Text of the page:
Coaching Questions (Part 2 in the Series)

How to Improve Your Coaching Skills and Get Better Results

In the last article in the series, we touched briefly on the art of asking good questions in coaching. Any question that can be answered yes or no will not be as informational as an open ended question that leaves room for the client to open up to you and share more than you know to ask.

Open Questions:

  1. How did your tests go?
  2. How do you feel about that?
  3. What’s going on with that?

Resist the temptation to add on your own observations to the questions.  That leaves the client the opportunity to explore their own thoughts more fully and may also prevent their possible resentment for the wrong assumption.

You’re better off letting your client do the talking.


Listening to your client and summarizing what they said using your own words to say it back to them is reflection.

By reflecting, you are adding a new layer to the conversation.  You’re repeating back to them the information they shared with you as you understood it.


Client:  “I don’t know what’s wrong with me.  I workout 5 days a week and it doesn’t seem like I’m getting anyplace.  I still get sore and I don’t feel any more energetic.”

Coach:  “It sounds like your pretty confused about your exercise results.”


Reflecting expands upon the conversation and gives you a much deeper understanding.

In response to your reflection, your client could answer you a couple different ways.  Either way, you have a much better understanding of where she/he’s coming from.


Client:  “That’s right, I just don’t know what to do to get results.”


Client:  “Heck no, I’m not confused at all.  I’m mad that I’m working this hard and nothing seems to happen.”

It may take a little practice before reflection feels natural, but it will be worth it.

There are different kinds of information you may reflect; content, feelings, conflict.

Content is who, what why, when, where and how.  It would include thoughts, beliefs, plans, ideas, attitudes, dreams, expectations, judgments, values.  Example for expectations; “I thought it would be easier to quit eating sugar.”

Inviting someone to share their feelings encourages them to talk about it even if it’s not comfortable.  Feelings include joy, fear, happiness, sadness, nervousness, relaxed and more.  Example for Feelings; “It seems you’re not worried about how fast this happens.”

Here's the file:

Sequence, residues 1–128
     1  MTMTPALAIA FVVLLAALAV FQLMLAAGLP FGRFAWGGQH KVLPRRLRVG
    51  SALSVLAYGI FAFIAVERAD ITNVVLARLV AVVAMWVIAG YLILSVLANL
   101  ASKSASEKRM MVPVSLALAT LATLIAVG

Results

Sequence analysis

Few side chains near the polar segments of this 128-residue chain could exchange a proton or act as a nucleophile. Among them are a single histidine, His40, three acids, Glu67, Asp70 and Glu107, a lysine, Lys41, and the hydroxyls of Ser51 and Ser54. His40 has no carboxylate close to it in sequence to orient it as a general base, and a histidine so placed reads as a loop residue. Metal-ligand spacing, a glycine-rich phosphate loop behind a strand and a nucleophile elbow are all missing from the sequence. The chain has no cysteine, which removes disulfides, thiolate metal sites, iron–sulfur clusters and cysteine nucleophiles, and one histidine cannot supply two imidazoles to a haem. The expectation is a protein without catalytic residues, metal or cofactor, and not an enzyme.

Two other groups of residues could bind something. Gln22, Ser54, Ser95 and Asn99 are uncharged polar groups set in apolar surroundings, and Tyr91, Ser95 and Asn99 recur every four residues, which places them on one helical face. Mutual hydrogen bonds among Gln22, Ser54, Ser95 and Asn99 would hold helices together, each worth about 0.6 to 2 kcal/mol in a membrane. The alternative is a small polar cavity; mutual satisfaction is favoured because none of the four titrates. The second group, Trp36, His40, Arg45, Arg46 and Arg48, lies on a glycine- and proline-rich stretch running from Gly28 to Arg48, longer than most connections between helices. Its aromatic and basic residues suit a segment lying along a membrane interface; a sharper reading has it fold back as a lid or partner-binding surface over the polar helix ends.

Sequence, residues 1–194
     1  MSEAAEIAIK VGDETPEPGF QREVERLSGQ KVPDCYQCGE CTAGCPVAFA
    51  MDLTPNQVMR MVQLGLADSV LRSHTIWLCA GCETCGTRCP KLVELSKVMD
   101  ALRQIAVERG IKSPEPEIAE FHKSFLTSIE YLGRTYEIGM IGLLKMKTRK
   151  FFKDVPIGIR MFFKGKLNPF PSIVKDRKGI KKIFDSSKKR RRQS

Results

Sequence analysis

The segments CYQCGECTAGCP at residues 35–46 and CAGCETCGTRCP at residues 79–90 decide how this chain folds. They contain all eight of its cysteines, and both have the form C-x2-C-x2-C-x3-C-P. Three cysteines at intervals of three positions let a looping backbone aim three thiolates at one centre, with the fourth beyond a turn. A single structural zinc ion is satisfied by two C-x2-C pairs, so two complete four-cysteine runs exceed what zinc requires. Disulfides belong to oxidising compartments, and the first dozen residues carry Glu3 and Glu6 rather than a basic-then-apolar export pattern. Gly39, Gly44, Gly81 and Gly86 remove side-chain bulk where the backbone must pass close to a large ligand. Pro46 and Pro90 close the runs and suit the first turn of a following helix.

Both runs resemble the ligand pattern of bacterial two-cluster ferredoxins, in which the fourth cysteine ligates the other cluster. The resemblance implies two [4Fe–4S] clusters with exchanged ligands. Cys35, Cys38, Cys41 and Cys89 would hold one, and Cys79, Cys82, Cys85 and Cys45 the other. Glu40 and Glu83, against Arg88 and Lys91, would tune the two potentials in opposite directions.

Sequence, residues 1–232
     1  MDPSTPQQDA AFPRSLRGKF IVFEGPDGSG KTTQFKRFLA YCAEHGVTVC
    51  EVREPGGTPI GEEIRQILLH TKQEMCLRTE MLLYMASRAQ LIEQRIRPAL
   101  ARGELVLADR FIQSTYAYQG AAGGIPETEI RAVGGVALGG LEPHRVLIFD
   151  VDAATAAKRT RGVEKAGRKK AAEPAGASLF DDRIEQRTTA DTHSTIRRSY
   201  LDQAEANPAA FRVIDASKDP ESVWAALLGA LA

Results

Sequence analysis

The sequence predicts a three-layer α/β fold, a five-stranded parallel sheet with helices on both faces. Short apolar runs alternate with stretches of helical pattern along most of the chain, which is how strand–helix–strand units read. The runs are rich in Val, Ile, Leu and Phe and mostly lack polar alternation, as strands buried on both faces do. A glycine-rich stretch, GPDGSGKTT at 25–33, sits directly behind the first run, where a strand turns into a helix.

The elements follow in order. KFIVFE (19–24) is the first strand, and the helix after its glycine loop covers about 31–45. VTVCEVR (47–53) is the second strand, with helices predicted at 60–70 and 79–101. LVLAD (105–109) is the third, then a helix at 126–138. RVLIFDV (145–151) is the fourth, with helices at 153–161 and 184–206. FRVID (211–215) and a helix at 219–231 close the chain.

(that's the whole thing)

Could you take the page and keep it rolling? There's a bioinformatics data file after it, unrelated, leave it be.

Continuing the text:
Once your customer trusts you they may share their conflicts with you.  Conflicts may be self esteem, identity, meaning, hope, guilt, failure, loneliness and fear of aging.  This can be very difficult to talk about.

Often, when coaching, your customer will talk more about content than anything else.  It’s not as scary.  Once they get to know you they’ll talk more about feelings and conflict.

Cathy Sykora

Founder, The Health Coach Group

Cathy helps health coaches build and maintain successful businesses that improve the lives of others.


To Get You Started

  • What would you like to talk about today?
  • What could we work on that would make the biggest difference for you?
  • What’s happened since the last time we talked?
  • What would you like more of?  Less?
  • What have you always wanted to do, but haven’t?
  • What do you want to accomplish in our sessions?


  • What can you do today to make that happen?
  • What’s getting in the way?
  • Where are you stuck?


  • What are your options?
  • What stands out when you create pros and cons?
  • What has worked for you in the past?


  • Can you tell me more about that?
  • What would the repercussions be?
  • What would you do differently?


  • Did I understand this correctly?
  • What’s another way you’d say that?

The best way to get comfortable asking questions and good at listening is to practice.  Comment below and find another coach in the comments to practice with.  The more you do it, the better you get.


July 14, 2016 at 10 a.m. PT, 11 a.m. MT, 12 p.m. CST, 1 p.m. ET

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